You Should Never Store Potatoes In The Freezer. Here's Why

If you're happy potatoes are part of your weekly diet, you probably have Franklin D. Roosevelt to thank. He ran a national propaganda campaign during World War II to convince the American public to eat them (via Modern Farmer). Eat them, we did. Eat them, we do. In 2019, each American consumed, on average, around 34 pounds of fresh potatoes (via Statista). The problem with buying fresh potatoes, of course, is that you can never buy just one. Ever ended up throwing out a bag of unused potatoes? Yup, then you know the pain of storing potatoes is real.

You may be tempted to freeze them. Don't. When you freeze a potato — especially a whole, fresh, uncooked potato — the water in the potato will separate from the potato's starch (via Penn State Extension). The result? Mushy or even black spuds that are inedible (via Taste Essence and HuffPost).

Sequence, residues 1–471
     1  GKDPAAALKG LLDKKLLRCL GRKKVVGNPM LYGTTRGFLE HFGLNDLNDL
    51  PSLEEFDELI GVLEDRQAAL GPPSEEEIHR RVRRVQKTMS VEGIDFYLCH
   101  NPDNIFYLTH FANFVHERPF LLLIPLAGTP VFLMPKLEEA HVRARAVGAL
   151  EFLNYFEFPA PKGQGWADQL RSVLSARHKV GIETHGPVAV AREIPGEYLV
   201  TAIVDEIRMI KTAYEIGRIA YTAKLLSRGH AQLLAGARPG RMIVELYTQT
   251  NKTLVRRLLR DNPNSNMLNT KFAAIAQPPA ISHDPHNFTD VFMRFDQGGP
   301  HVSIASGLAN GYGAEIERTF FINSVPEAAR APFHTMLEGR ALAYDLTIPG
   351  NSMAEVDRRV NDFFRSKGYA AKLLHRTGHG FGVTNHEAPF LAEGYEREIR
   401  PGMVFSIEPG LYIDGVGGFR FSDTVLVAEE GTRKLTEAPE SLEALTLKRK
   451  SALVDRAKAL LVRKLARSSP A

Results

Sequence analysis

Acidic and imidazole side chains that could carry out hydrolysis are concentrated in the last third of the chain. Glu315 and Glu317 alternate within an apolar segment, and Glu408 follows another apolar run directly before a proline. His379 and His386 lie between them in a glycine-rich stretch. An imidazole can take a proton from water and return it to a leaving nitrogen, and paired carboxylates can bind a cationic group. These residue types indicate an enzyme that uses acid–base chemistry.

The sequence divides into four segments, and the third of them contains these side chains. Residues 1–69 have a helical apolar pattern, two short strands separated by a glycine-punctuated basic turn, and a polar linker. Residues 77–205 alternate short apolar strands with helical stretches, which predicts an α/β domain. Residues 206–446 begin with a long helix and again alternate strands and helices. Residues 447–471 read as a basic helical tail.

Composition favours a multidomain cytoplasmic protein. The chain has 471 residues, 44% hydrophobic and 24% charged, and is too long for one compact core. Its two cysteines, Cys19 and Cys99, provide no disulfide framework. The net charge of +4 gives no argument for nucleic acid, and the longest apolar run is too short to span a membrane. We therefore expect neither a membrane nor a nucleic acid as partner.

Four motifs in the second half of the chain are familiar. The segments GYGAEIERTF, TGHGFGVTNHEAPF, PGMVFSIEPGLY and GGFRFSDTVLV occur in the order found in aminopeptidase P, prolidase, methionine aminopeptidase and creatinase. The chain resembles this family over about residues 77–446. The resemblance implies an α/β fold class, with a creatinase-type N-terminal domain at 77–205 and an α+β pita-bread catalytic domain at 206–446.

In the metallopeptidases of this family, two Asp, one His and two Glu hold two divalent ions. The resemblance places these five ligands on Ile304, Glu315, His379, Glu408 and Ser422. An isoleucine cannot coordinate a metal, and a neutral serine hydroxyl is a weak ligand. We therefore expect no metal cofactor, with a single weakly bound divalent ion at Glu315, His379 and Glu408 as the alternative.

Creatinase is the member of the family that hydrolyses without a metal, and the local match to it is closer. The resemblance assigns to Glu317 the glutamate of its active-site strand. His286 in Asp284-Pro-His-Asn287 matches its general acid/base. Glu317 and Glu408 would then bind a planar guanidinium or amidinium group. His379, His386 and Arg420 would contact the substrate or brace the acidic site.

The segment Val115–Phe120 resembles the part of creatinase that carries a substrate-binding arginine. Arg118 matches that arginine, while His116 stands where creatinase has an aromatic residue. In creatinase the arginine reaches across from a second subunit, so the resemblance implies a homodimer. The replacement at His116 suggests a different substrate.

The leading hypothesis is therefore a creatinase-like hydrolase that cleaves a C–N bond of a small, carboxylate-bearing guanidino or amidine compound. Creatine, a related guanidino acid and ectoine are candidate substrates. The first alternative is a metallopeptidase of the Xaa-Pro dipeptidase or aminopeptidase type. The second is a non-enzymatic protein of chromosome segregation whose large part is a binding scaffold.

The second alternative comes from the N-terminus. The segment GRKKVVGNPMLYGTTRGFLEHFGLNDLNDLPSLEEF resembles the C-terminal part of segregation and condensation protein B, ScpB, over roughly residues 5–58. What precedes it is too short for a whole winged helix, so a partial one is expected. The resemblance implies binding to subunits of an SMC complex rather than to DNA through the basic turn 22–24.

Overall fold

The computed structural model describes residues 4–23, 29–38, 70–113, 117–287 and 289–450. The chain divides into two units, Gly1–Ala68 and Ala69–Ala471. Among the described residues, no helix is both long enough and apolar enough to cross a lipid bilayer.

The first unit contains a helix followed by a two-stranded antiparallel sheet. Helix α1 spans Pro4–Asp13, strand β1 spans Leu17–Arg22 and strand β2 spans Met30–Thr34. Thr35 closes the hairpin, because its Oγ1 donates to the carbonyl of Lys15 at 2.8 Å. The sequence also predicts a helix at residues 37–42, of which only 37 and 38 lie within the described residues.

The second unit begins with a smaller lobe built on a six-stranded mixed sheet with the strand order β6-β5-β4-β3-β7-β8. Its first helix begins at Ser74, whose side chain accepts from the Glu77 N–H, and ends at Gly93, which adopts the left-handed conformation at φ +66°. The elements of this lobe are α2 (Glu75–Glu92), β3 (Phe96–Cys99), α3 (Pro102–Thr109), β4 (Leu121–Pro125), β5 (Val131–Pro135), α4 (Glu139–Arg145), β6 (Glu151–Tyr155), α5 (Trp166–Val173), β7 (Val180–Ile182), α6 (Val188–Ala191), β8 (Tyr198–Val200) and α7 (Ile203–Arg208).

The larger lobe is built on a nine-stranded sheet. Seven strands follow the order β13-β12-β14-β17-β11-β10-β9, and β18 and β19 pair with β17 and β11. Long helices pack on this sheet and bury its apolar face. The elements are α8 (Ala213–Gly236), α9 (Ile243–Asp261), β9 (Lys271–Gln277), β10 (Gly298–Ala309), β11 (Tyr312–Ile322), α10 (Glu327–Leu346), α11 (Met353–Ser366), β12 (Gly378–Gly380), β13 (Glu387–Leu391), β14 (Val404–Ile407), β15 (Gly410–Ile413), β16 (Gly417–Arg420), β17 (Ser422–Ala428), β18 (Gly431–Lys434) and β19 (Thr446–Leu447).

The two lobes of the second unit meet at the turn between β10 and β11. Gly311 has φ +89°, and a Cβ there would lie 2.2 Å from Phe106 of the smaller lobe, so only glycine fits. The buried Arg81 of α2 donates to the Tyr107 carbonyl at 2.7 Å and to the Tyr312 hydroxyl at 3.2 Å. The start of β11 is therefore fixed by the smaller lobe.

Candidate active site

If you have to freeze potatoes, this is how

The best way to store potatoes is in a cool, dark place, and in a ventilated container. But if you must freeze them, there are three cardinal rules to follow.

First, make sure you're choosing the right kind of potato to freeze. Good Cheap Eats recommends you stick to Yukon gold and red potatoes. If you plan on freezing them whole, Penn State advises that you find small, fresh potatoes and blanch them before freezing to prevent their insides from turning dark.

Second, consider preparing your potatoes before transferring them to your freezer. The easiest way to do so might be to mash them. Good Cheap Eats suggests that combining potatoes with the fatty, dairy-based products that are typically called for in your mash ensures that you'll preserve the potato's texture even after freezing. If you have mature potatoes, consider making French fries. According to Taste Essence, if you like a breakfast potato, hash browns also work well for freezing.

Third, make sure you're packing your food in a freezer-appropriate container. Whatever you do, stay away from flimsy plastic wraps and sandwich bags. Instead, opt for containers specifically designed to lock in the moisture of your food.